Burying the Shadow is a book that involves two major storylines intertwining and finally, at the conclusion of the story, colliding. The story is told by two female narrators who alternate their accounts (not switching off every chapter, but very nearly) and together give the novel an narrative style wherein the reader often knows more about what's going on the than do the characters themselves.
The first narrator is Gimel Metetronim, an 'artisan' in the city of Sacramante, part of a vast, fantastic mystical world Storm creates as a stand-in / alternature universe for Earth. The 'artisans' live in an isolated quarter of the city while gaining fame among the human populace, gifting them with their plays, music, poetry, paintings and other creative endeavors. All the artisans' work is sponsored by patron families, who, as it turns out, pay for this artwork with more their money -- they pay with their blood. This is because the artisans don't just *seem* otherworldly, but actually *are*, for they are the eloim, a race of human-seeming but immortal blooddrinkers who came from another world and now live on earth, surviving through a symbiotic relationshp with the patron families.
Although Sacramante is widely renowned for its arts scene, the intimate relationship between the eloim and the human families is a tightly held secret, with family members accepting and welcoming the 'sup' (small drinks that do not kill), eloim using human servants (who'se lives can be extended via bloodsharing), and offerings of willing sacrificial victims, including children. This is the way it has been for centuries, only now, after such a long period of stability, the situation in Sacramante has begun to change, become unbalanced. There is a sickness among the eloim/'artisans,' with a rash of suicides, unheard of among the immortal race. There is debate as to the cause of this sickness, but finally Gimel and her brother (yes, brother) Beth decide they can't wait for answer to fall from the sky or be delivered by the Parzupheim, the body of ancients who govern the eloim world. They go in search of a 'soulscaper,' a highly specialized professional trained to enter the subconscious and repair the soulscape, the inner mind and spirit found in all individuals and tied to both mind and body. (Those readers familiar with the study of archetypes, Carl Jung, dreams, etc., will find this fascinating.)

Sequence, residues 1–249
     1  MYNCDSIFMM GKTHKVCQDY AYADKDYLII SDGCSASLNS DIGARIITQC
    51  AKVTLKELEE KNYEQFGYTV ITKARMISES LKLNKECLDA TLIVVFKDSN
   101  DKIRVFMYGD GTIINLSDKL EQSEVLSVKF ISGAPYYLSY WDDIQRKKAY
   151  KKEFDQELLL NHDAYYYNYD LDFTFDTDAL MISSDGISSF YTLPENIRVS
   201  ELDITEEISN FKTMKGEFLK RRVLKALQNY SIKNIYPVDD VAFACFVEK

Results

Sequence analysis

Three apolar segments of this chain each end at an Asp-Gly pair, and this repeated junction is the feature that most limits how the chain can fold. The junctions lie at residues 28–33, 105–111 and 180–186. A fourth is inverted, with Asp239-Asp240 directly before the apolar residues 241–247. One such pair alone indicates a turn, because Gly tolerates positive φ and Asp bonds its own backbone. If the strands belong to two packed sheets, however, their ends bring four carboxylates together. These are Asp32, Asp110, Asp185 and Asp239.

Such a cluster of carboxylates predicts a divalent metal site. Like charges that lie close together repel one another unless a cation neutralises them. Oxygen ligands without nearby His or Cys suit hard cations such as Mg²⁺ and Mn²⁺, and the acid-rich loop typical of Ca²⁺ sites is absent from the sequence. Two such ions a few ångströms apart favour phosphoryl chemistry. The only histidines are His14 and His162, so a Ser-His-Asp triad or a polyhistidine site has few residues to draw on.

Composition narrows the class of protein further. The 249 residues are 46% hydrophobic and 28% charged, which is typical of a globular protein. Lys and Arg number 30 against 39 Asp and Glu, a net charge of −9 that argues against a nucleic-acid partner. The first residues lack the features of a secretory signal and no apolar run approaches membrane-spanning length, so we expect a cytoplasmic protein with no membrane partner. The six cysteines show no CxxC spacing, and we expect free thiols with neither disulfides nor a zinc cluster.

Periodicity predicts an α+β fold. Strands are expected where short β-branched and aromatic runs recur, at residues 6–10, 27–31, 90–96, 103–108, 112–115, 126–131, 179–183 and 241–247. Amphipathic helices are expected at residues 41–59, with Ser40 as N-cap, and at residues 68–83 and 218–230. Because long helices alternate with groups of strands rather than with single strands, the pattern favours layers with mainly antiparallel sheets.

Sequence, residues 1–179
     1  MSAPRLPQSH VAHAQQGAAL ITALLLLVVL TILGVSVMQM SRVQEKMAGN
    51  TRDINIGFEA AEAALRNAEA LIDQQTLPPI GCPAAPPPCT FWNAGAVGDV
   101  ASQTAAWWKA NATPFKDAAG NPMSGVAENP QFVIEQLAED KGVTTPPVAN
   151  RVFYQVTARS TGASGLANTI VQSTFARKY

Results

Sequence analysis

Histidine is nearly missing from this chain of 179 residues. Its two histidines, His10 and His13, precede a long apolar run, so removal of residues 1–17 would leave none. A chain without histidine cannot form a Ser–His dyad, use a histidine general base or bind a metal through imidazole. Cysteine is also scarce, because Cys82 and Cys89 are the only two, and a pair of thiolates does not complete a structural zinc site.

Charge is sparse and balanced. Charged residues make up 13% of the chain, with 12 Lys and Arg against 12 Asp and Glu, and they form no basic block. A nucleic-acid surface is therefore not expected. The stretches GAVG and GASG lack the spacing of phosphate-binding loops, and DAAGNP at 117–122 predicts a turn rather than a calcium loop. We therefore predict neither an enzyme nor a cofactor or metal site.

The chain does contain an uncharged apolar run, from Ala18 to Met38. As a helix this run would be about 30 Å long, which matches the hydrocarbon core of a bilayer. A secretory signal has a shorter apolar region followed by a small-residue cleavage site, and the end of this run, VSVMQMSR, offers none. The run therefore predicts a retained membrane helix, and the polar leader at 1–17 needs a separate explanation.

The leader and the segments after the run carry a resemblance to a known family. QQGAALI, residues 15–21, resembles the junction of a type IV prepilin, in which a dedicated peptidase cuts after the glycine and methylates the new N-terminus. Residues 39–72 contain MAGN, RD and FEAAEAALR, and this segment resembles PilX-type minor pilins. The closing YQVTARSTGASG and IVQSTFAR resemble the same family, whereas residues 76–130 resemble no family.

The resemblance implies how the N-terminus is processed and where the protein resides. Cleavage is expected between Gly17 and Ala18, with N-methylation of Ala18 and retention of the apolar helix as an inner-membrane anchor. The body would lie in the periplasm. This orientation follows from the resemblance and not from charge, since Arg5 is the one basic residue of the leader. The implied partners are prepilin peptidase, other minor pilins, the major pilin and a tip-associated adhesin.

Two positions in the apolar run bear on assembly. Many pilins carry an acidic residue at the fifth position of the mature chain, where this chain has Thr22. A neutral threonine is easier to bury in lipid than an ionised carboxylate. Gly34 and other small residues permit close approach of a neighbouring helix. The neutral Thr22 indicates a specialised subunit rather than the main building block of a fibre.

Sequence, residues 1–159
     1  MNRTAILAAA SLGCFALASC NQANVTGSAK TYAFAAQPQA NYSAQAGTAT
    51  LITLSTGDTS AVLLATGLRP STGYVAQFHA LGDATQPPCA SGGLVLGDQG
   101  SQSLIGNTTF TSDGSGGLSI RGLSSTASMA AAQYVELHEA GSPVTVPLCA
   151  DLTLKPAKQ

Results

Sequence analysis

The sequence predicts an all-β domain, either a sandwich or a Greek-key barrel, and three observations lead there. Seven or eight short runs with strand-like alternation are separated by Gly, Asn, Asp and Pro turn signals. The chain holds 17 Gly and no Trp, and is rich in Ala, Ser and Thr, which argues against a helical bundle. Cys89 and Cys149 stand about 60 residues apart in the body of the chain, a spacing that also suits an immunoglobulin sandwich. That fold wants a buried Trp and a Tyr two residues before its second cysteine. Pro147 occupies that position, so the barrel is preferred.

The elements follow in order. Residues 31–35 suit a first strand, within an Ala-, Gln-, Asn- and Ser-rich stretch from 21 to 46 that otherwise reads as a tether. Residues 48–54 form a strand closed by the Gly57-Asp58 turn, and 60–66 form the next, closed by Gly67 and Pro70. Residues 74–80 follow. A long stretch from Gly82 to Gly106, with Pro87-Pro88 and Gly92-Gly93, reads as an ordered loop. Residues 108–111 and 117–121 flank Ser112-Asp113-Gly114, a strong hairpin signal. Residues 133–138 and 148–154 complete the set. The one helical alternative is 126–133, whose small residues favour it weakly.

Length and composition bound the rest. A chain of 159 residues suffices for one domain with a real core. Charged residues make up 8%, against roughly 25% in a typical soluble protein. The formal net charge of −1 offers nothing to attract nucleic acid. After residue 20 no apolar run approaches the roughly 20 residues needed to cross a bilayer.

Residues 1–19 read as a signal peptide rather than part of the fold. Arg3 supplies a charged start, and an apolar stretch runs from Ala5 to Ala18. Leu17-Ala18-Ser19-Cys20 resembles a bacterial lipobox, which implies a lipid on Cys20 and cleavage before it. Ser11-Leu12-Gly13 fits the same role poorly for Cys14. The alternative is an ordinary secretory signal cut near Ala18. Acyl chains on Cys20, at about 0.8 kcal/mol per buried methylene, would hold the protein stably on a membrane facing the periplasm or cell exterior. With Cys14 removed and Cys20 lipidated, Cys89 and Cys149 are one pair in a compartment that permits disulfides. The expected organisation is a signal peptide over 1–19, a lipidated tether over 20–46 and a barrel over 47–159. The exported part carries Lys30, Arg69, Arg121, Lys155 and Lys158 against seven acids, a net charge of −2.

The second narrative is delivered by of Rayojini the soulscaper, whose story intersects with that of the eloim. As the story begins Rayojini is a human girl, a daughter of a soulscraper, living in the fantastical petrified forest city of Taparak, home of the soulscapers and their art. Through a sacred cememony involving the specialized scrying fumes (needed to enter the subconscious world), Rayojini is initiated into the life of a soulscaper and also introduced to her 'guardian pursuers,' symbolic figures all soulscapers are taught to look for as figures of their conscience and/or overseers in their lives. Little does Rayojini realize that her 'guardian pursuers' are real -- Gimel and Beth!
From here on out, Rayo finds the course of her life straying from the ordinary as she feels the presence of her guardian pursuers, who track her life, waiting for the moment they can use her talents to discover the source of the eloim sickness, which is growing worse as yet further disturbances and mysteries unfold in Sacramante. Finally Rayo begins to make discoveries that lead her on a quest across vast distances, through strange cultures and soulscapes, uncovering a world of which she never dreamed. By the end of the tale she is doubting her own sanity as the world of the eloim collides with that of the human and vast mysteries, hidden even to the eloim themselves, make themselves known.
As a Storm Constantine novel, Burying the Shadow comes complete with the usual Storm trademarks, including a lush narrative, a marvelously complex fantasy world with races, history and geography of its own, and heavy eroticism among members of both/all genders. That said, the book is an interesting contrast to the Grigori triology, which covers some of the same ground (secret immortal race stranded on earth after being expelled from alternate, higher universe of vast powers, with a narrative involving two groups attacking the same problem from different angles) in that it has a much tighter, more focused narrative, offers more in the way of plot and mystery, and is set in a fantastic, rather than contemporary, world. Burying the Shadow is also notable for featuring not one but two strong female protagonists who share the spotlight along with a vast array of supporting characters, including dangerous Avirzah'e, manipulative Keea, a fabulous tribe of nomads, the enigmatic Sammael, and more.
I would strongly recommend this book to those seek a distinctly different reading of the vampire myth as well as those looking to dive into a unique and thrillingly gothic fantasy world.